Get a "head start" on preparing your mobile application to function properly with Windows Mobile 5.0 and the Compact Framework 2.0. Discover the new features and functionalities available to Pocket PC and Smartphone applications and explore changes that could affect performance and usability.
Windows Mobile developers have had much to be excited about in recent weeks. With the release of Windows Mobile 5.0 to device manufacturers, there are a number of new features and functionalities made available to both new and existing (if upgraded) Pocket PCs and Smartphones. The .NET Compact Framework 2.0 is expected to be available in conjunction with the release of Visual Studio 2005, expected for release on November 7th and currently in beta. While there are a number of opportunities for Windows Mobile developers based upon these two important announcements, there is also a lot to consider.
For most application developers, the move to new versions of a development tool, technology, or operating system brings with it the challenges of compatibility. Usually, there are the critical concerns over whether an application can even run in the new environment, followed by changes that affect performance and usability. For Windows Mobile developers, these concerns are quite valid. Changes to the .NET Compact Framework 2.0 can pose some problems for any existing applications, while Windows Mobile 5.0 poses some additional issues. The first part of this article will break down some of the major considerations for migrating your applications to the new version of the framework, allowing you to get a "head start" on preparing your application to function properly when Windows Mobile 5.0 and the Compact Framework 2.0 are generally available.
The Compact Framework 2.0
The best place to start in understanding impacts on your existing Windows Mobile applications is with some general changes to the .NET Compact Framework in Version 2.0. These changes might seem minor at first, but they can have a significant impact on your application's behavior.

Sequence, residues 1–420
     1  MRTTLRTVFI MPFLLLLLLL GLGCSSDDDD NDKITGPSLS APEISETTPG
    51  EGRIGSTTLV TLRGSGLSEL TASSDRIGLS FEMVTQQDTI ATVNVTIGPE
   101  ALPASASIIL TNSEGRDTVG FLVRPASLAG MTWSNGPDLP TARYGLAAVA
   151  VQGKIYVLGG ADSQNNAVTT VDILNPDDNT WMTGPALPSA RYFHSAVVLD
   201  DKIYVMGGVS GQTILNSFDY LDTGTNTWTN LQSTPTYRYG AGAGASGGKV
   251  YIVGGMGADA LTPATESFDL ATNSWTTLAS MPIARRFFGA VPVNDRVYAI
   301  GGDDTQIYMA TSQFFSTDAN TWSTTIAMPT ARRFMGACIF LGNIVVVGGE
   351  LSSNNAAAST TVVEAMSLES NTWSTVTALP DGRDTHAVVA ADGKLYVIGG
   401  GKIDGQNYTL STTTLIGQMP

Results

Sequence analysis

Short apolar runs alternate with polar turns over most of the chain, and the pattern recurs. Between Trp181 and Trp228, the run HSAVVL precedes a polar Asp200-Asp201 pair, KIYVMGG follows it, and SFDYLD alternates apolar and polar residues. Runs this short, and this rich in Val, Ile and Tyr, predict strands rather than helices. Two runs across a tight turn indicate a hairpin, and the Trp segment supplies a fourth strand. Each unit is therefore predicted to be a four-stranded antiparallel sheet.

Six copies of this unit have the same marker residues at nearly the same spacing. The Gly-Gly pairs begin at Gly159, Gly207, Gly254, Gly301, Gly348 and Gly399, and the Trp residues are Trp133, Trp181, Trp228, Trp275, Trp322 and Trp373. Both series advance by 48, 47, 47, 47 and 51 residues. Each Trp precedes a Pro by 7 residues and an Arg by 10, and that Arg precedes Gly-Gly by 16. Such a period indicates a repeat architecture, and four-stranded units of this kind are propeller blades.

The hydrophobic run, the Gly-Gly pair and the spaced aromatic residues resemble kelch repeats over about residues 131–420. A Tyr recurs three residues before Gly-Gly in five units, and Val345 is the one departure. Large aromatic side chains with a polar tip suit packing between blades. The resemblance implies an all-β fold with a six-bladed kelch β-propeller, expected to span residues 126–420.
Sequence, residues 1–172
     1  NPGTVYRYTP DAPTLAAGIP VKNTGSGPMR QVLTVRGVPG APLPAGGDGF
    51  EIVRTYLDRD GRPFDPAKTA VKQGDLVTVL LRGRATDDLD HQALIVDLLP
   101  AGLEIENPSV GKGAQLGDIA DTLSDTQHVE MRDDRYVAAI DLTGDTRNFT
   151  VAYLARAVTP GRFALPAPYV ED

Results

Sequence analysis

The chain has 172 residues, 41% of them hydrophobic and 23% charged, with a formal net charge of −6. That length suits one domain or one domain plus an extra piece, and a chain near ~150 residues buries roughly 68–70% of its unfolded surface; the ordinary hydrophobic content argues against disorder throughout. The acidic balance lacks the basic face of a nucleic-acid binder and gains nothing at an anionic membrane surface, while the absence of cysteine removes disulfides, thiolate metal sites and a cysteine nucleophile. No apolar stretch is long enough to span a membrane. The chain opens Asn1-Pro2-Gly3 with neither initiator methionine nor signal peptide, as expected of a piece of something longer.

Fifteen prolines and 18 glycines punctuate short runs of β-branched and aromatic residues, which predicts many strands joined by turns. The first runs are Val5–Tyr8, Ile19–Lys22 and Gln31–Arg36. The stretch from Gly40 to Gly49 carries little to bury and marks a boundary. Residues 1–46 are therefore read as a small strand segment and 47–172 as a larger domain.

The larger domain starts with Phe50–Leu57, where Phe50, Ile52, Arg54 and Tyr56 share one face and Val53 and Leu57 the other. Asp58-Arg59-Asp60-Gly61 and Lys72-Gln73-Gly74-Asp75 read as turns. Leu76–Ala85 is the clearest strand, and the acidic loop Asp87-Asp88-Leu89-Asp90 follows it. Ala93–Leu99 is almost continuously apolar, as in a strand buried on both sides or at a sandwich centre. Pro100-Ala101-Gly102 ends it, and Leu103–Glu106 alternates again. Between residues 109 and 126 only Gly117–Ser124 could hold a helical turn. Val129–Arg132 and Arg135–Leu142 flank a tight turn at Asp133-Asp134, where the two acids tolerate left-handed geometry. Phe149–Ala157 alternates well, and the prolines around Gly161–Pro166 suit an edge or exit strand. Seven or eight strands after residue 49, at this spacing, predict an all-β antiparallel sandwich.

Windows Mobile 2003 Second Edition introduced native support for screen rotation, allowing applications on a Pocket PC or Phone Edition to be viewed in either portrait or landscape orientation. As a developer, you had the ability to write C# or VB .NET application logic to determine screen orientation and rearrange objects within a Windows Form programmatically. You also could just leave the code unaltered, and default behaviors within the runtime environment would automatically add scrollbars to forms when needed to allow the user to have access to all objects on the form. This "legacy screen emulation mode," as Microsoft refers to the behavior in the Windows Platform Migration FAQ (http://msdn.microsoft.com/mobility/windowsmobile/default.aspx?pull=/library/en-us/dnppcgen/html/migration_developers_faq.asp#migration_developers_faq_topic34), is no longer supported in Visual Studio 2005 or the Compact Framework 2.0. What this means to you as a developer is that your users changing the screen orientation from portrait orientation to landscape may not be able to access all objects within a given Windows Form. Fortunately, there are some relatively painless solutions to this issue.
You can change the AutoScroll property for a Windows Form to be true either at design-time or runtime for your application. Figure 1 shows the Property Sheet for a Pocket PC Windows Form in Visual Studio 2005.
Figure 1: AutoScroll property for a Windows Form
This would provide a "front-line defense" for your application's form to enable basic usability.